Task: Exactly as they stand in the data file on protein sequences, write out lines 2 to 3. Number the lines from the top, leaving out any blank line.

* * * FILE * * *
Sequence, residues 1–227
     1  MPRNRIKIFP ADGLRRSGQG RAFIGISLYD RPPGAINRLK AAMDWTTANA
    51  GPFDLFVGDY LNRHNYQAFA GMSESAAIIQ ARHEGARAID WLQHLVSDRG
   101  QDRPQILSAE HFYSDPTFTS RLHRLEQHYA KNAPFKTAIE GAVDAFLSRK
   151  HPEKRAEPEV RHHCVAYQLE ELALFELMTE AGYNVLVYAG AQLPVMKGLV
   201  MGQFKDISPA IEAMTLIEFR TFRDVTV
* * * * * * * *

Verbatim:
     1  MPRNRIKIFP ADGLRRSGQG RAFIGISLYD RPPGAINRLK AAMDWTTANA
    51  GPFDLFVGDY LNRHNYQAFA GMSESAAIIQ ARHEGARAID WLQHLVSDRG